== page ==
GSA Makes it Easier to Increase Schedule Pricing in Response to Inflation Concerns

March 23, 2022

In response to inflation concerns, some GSA Schedule contractors have made decisions to remove items from their GSA Schedules contracts to avoid selling at a loss, which then makes it harder for Federal agencies to acquire needed goods, services, and solutions. To address contractors’ concerns, GSA issued an Acquisition Letter which significantly reduces requirements associated with getting price increases, and removes barriers to one-time large price increases. These measures are temporary – effective March 17, 2022 through September 30, 2022 – unless otherwise extended.

GSA’s Federal Acquisition Service (FAS) recognizes that many factors are impacting the global economy and disrupting supply chains, including the ongoing recovery from the pandemic and the current conflict in the Ukraine. This has led to supply shortages and delays as well as price volatility. During this time GSA has been seeing an increase in Multiple Award Schedule (MAS) contract modification requests to increase pricing.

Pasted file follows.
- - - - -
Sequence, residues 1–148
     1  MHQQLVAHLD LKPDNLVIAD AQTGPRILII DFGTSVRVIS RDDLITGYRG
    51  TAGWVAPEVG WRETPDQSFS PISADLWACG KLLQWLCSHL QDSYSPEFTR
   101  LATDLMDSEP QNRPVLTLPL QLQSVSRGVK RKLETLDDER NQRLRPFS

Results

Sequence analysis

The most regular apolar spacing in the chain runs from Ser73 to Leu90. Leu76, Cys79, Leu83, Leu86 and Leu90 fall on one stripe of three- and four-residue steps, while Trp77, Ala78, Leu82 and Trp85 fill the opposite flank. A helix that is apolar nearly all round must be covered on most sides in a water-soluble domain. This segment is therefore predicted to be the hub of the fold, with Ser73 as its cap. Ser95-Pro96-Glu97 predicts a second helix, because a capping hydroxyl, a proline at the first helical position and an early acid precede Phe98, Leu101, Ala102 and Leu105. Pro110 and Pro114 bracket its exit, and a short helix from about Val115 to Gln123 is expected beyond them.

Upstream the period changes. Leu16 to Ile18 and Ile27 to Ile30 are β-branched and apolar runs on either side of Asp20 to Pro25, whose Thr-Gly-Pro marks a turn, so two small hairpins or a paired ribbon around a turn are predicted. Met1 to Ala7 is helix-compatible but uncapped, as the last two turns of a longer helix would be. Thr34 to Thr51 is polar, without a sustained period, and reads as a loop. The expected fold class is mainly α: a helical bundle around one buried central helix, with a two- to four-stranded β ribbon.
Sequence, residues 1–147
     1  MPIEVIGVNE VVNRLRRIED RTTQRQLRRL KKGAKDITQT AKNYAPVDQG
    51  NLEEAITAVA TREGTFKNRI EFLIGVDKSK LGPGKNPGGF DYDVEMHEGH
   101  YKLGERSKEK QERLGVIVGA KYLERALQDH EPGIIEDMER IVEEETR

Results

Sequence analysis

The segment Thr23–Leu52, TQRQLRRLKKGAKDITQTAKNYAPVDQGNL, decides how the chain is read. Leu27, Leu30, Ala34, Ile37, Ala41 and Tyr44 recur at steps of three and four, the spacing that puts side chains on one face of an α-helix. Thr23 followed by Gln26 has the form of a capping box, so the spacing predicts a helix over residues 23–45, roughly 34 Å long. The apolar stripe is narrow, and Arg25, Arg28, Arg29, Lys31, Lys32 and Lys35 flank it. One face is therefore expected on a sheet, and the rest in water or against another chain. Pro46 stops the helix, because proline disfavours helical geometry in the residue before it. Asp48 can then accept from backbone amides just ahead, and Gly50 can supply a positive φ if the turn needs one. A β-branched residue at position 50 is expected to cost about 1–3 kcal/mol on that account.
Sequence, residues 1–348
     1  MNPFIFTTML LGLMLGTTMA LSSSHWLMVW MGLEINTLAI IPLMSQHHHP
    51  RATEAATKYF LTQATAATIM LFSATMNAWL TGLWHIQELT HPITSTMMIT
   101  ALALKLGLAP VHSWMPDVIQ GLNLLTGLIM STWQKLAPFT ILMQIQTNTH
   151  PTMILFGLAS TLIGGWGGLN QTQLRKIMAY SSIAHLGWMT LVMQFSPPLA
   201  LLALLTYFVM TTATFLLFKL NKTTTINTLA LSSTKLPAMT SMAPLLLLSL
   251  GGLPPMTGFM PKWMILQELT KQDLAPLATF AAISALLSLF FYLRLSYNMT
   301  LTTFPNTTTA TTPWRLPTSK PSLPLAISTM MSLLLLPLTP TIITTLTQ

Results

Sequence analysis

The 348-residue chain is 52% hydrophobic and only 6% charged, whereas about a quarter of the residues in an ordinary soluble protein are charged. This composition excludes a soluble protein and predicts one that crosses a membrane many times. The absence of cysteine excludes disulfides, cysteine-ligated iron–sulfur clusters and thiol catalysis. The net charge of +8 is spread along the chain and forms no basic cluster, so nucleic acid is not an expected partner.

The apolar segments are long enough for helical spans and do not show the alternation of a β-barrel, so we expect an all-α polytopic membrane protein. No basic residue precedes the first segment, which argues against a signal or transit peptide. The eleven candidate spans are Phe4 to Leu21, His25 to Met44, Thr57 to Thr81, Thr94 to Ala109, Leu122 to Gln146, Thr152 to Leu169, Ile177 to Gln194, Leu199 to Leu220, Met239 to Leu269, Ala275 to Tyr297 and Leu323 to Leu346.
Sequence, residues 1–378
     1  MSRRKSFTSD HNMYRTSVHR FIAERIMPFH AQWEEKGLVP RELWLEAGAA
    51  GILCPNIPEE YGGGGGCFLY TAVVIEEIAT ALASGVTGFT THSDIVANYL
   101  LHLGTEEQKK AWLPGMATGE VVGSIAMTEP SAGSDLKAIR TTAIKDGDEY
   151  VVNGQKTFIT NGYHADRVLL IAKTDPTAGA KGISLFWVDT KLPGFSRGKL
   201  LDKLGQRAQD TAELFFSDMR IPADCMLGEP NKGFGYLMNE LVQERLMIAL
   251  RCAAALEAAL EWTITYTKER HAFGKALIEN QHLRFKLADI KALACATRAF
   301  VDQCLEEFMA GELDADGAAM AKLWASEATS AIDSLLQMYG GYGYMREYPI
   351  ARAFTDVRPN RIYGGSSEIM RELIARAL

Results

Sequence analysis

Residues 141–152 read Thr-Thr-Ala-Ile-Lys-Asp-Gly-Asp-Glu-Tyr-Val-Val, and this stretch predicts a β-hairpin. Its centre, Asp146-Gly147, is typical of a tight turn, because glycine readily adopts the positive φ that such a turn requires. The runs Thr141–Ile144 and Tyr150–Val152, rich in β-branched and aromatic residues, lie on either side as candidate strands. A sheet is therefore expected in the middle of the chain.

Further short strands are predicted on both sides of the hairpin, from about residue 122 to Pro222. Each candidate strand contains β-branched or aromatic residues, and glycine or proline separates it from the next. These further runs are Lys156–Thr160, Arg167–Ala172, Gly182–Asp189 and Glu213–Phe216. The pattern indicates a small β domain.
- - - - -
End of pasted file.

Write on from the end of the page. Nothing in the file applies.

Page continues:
What Does This Mean to GSA Schedule Contractors?

In order to increase your GSA Schedule contract pricing, you must submit an Economic Price Adjustment (EPA) modification to GSA. This Acquisition Letter places a temporary moratorium on several limitations contained in certain GSA EPA contract clauses.  These temporary policy changes empower MAS Contracting Officers to respond to current market conditions.

Specifically, during this time, this policy moratorium:

  • Relaxes time limitations on EPA increases – EPAs can now be considered at any time during the contract period
  • Relaxes the limit on the number of EPA increases a contractor may request – More than 3 EPAs can now be considered during a contract period
  • Allows a lower level of approval, to one level above the Contracting Officer, for price increases above the EPA clause ceiling.
  • Clarifies that if a contractor has removed an item from their MAS contract, the Contracting Officer may add the same item back at a higher price if the higher price can be determined fair and reasonable.

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